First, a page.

New low-cost lymphoedema management packages may reduce acute attacks of podoconiosis (non-filarial elephantiasis) disease, finds a new study. The findings of this study are published in The Lancet Global Health.
The simple package of self-care significantly reduced "acute attacks" among podoconiosis patients. The study was jointly funded by the Wellcome Trust, the UK Medical Research Council and UKAid.
Podoconiosis is a non-infectious disease which causes massive swelling of the legs among barefoot subsistence farmers who are in frequent contact with red volcanic clay soil. The disease causes pain, disability, and disfigurement among some of the world's poorest communities, along with great stigma. Acute attacks ('michader') bring malaise, fever, chills, increased swelling of the limbs and skin peeling when patients cannot move their legs and are confined to bed.
Both groups were followed up after a year, and the group who received the intervention showed a marked reduction in acute episodes, with an incidence rate ratio of 0.81 (a reduction in episode rate of almost 20% in those treated).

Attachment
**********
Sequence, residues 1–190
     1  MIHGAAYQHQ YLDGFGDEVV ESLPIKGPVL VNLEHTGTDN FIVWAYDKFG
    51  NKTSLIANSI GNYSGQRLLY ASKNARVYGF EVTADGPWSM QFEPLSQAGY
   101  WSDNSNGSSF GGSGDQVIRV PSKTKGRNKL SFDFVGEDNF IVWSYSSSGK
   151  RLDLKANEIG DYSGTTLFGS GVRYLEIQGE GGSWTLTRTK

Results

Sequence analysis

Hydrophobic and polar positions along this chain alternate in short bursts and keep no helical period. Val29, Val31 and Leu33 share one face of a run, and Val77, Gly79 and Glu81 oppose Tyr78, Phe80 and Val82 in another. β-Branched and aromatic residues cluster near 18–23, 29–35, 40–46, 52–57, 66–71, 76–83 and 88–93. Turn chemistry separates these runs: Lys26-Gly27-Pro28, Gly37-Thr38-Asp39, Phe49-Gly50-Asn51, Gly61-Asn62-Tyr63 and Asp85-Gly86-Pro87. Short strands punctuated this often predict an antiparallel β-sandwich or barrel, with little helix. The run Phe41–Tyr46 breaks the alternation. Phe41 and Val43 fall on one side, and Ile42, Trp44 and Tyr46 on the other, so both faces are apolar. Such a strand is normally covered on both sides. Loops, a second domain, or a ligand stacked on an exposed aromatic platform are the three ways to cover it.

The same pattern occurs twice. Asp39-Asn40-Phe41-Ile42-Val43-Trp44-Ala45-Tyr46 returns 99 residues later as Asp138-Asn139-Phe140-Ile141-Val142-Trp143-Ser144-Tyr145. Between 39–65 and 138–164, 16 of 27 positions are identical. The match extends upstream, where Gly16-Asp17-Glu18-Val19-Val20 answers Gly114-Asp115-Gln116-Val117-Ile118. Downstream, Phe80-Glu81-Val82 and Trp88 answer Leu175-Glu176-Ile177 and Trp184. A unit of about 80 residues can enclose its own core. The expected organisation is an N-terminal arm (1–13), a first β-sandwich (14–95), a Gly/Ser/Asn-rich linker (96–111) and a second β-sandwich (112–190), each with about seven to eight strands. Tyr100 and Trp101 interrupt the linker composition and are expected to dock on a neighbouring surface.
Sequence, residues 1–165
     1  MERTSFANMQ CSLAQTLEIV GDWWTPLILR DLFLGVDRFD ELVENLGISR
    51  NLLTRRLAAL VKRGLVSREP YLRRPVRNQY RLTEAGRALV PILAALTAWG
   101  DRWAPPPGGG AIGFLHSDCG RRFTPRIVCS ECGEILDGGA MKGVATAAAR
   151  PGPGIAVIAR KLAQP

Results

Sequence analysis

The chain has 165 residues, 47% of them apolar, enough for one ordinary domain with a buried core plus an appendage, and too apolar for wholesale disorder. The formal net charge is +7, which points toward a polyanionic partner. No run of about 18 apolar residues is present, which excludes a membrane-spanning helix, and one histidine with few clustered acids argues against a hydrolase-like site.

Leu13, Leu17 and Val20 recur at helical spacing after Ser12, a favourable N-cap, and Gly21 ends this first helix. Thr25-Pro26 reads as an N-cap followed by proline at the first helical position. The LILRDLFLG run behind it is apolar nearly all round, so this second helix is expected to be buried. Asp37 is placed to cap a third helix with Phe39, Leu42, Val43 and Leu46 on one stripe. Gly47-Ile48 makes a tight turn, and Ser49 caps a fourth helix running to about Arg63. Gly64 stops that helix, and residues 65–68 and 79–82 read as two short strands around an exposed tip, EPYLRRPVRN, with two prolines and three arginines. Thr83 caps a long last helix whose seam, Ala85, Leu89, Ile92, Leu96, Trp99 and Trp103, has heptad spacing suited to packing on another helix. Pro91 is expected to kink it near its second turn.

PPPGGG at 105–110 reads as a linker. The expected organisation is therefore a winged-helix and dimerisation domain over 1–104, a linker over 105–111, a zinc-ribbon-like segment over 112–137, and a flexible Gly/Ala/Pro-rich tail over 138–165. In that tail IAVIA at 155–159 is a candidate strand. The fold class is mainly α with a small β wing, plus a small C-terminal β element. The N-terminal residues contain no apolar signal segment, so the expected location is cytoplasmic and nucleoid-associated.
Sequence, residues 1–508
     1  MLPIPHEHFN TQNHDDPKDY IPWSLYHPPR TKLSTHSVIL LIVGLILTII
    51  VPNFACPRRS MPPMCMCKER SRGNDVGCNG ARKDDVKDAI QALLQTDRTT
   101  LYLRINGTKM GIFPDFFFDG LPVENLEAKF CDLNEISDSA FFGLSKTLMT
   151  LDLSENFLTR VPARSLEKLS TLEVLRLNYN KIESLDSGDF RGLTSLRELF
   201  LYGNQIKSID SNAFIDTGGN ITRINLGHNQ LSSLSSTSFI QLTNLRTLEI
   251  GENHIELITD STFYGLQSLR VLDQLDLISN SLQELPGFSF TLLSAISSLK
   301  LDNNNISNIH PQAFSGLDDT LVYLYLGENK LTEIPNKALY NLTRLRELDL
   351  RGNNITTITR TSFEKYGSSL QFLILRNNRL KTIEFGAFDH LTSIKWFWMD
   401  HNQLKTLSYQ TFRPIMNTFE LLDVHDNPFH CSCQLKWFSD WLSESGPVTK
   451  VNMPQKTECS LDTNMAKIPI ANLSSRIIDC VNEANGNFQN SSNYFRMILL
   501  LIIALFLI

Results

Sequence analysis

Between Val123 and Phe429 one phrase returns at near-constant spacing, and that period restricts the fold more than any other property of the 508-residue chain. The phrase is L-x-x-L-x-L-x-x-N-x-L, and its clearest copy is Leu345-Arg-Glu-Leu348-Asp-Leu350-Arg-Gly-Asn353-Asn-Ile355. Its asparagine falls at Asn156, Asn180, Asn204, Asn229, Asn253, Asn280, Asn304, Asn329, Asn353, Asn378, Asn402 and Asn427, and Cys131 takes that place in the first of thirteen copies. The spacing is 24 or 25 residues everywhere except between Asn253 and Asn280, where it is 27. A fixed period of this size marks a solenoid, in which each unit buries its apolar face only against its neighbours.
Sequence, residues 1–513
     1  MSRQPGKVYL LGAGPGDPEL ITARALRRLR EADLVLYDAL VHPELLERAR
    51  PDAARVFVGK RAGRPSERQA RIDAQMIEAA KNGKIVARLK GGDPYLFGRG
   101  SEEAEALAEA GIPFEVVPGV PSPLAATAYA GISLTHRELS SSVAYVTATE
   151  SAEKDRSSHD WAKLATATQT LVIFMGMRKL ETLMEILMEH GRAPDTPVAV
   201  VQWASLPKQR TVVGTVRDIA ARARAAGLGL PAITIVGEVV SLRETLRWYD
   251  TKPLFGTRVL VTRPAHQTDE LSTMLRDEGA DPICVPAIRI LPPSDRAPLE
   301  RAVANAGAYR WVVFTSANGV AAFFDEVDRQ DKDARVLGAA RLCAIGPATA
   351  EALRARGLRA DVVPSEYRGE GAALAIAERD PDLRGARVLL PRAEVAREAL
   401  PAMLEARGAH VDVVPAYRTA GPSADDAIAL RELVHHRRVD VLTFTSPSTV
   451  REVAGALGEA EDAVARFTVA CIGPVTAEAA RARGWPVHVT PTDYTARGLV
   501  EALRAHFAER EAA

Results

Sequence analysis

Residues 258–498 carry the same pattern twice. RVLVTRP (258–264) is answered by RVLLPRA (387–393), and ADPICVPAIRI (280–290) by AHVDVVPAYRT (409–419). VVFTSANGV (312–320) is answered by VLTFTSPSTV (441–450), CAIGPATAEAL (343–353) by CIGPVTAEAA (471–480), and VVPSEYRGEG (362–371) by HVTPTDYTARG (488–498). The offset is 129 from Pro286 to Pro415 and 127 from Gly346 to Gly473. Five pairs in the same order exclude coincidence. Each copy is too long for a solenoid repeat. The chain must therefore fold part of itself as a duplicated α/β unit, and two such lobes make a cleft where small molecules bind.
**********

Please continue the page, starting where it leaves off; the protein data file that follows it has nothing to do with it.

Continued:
Gail Davey, Professor of Global Health Epidemiology at BSMS, who led the study, said: "In most countries that suffer from podoconiosis, there are not yet policies in place to manage this debilitating disease, largely due to limited awareness of the condition and lack of evidence for treatment.
"Our rigorous study provides vital evidence that a simple and cost-effective package of community-managed self-care could have a significant impact on the incidence of acute attacks in people with podoconiosis. Not only would implementing such an approach on a national scale reduce suffering and stigma among many of the poorest communities, but it would also have a significant impact on these communities' social and economic well-being. We would urge governments of countries with high prevalence of podoconiosis to develop policies for its management that include such a community-based approach."